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Oil and Gas Investor

[Editor's note: A version of this story appears in the May 2021 issue of Oil and Gas Investor magazine. Subscribe to the magazine here.]

Just over a year ago, when the price of oil went negative, people who care about the oil patch were shocked to their bones. But they have stood back up to prevail once again. The rig count is creeping back up. U.S. oil production is likewise inching up again, lately right around 11 MMbbl/d, although it is still below pre-pandemic levels by about 2 MMbbl/d, or 15%, according to the Energy Information Administration (EIA).

Coincidentally, on April Fools’ Day, OPEC+ announced it will gradually return 2 MMbbl/d to the market over the summer through July.

The balance is delicate between what happens here and how much global demand there will be this year. We’re getting dizzy on the seesaw between extended lockdowns versus more people getting COVID-19 vaccinations, not to mention by how much U.S. shale production increases from here. If oil continues to bounce around $60/bbl, that’s good; most plays have a breakeven price of $45 to $60, analysts said.

U.S. gas production has been aiming higher too. LNG exports are doing the same: send-outs in March were a record. Venture Global LNG’s export facility and a sixth train at Cheniere LNG’s Sabine Pass facility will ship their first cargoes later this year, ahead of their originally proposed schedules. Cheniere’s third train at Corpus Christi came online in March. Total LNG feed gas demand is now about 11 Bcf/d, according to RBN Energy.

Never say die. But at what price?

Jobs are coming back, albeit too slowly for many. That is one heavy price.

Another heavy price: what we are willing to pay for using fossil fuels, both in a monetary sense and environmentally. We’ll debate this in more ways than one.

The Biden administration, Congress, some of the largest oil companies, money center banks and others must try to solve the dilemma of the decade: how to provide enough clean, affordable energy without harming the atmosphere and without tanking an industry that employs millions.

Should tax breaks for oil and gas producers be killed off? Should gasoline be taxed higher to pay for road and bridge infrastructure?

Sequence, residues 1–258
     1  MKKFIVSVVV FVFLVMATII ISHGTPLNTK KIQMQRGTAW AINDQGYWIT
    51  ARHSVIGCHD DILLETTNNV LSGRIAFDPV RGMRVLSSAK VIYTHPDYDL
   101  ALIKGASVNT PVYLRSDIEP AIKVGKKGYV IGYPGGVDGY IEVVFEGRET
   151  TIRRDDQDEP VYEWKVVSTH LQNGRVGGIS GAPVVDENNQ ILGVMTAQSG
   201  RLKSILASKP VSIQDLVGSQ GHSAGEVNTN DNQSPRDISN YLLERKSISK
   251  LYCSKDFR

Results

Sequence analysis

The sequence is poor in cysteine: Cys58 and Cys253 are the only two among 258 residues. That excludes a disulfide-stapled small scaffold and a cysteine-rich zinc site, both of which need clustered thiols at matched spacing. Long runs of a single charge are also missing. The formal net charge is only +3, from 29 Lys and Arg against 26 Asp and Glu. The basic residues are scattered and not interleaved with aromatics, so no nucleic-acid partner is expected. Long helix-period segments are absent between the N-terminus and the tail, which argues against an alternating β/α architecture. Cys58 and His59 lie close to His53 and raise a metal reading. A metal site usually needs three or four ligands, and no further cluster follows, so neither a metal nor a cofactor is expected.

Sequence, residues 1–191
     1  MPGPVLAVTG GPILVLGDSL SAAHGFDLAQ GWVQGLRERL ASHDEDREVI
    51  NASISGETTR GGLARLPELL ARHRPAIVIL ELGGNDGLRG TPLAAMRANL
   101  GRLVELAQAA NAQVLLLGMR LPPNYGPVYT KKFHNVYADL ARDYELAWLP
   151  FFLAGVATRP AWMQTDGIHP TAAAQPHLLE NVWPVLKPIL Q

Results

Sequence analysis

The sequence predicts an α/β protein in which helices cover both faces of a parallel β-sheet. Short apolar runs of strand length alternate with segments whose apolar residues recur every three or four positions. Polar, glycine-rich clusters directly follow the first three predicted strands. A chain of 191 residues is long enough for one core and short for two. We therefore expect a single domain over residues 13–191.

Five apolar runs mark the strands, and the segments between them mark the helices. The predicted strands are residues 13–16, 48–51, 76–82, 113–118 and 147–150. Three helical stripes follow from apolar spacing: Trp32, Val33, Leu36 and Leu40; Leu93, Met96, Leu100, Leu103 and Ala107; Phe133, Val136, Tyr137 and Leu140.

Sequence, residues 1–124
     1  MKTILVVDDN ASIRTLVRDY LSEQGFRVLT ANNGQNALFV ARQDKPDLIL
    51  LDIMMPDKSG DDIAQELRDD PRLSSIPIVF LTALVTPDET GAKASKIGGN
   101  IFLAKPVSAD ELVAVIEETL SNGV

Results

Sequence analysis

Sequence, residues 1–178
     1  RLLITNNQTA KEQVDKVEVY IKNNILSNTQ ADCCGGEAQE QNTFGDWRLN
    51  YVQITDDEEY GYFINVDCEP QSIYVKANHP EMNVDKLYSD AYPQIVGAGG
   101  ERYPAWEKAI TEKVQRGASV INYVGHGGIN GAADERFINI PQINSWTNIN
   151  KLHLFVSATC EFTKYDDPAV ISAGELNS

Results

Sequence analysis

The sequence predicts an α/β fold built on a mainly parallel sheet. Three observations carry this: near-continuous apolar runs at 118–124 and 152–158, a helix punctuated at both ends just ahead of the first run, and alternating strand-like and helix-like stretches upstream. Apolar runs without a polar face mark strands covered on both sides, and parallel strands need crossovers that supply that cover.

Shouldn’t the free market and American entrepreneurs and inventors be left alone to solve this?

Should governments incentivize energy changes or mandate them?

Should big banks like J.P. Morgan Chase or Citi play a new role by stepping into the debate? Some are refusing to fund any company that drills for oil and gas. Should traditional lenders implement additional criteria, such as tying their loan terms to how much a borrower has reduced its wellhead flaring or otherwise reduced emissions?

The API should be renamed the American Energy Institute for its wise endorsement of energy supply consisting of any and all energy sources that solve the dilemma. The API surprised many when in March it declared it would support some kind of price on carbon, which by any other name is a tax on end users. The fallout was fast and furious.

“The country’s leading oil lobby, the American Petroleum Institute, endorsed a carbon tax or fee for the first time in the organization’s 100-year history, demonstrating the increased risk and salience of climate issues for the oil and gas industry,” said analysts at East Daley Capital Markets.

“A national energy tax is an easy position for big multinational companies to embrace,” said Thomas Pyle, president of the American Energy Alliance, a D.C. lobbying group, “because it gives the federal government what it wants (more tax revenue); attempts to appease the greens (it won’t); and compels consumers to pay more in taxes to the federal government in the false hope of avoiding future regulations … Those who are left out of the conversation are consumers, small businesses, the poor and seniors, and those on fixed incomes—basically everyone.”

He continued, “I have been advocating for years that the House and Senate should debate and vote on a clean bill to create a federal carbon tax so that the American people can clearly see where their elected representatives stand on this issue.”

President Biden’s climate envoy, John Kerry, said it is the private sector that will ultimately lead the fight against climate change. We applaud what he said: Regulators and elected officials work best in a supporting role.

“No government is going to solve this problem,” Kerry said during a virtual conference hosted by the Institute of International Finance. “The solutions are going to come from the private sector.”

Those embroiled in this taxing debate must listen to this advice.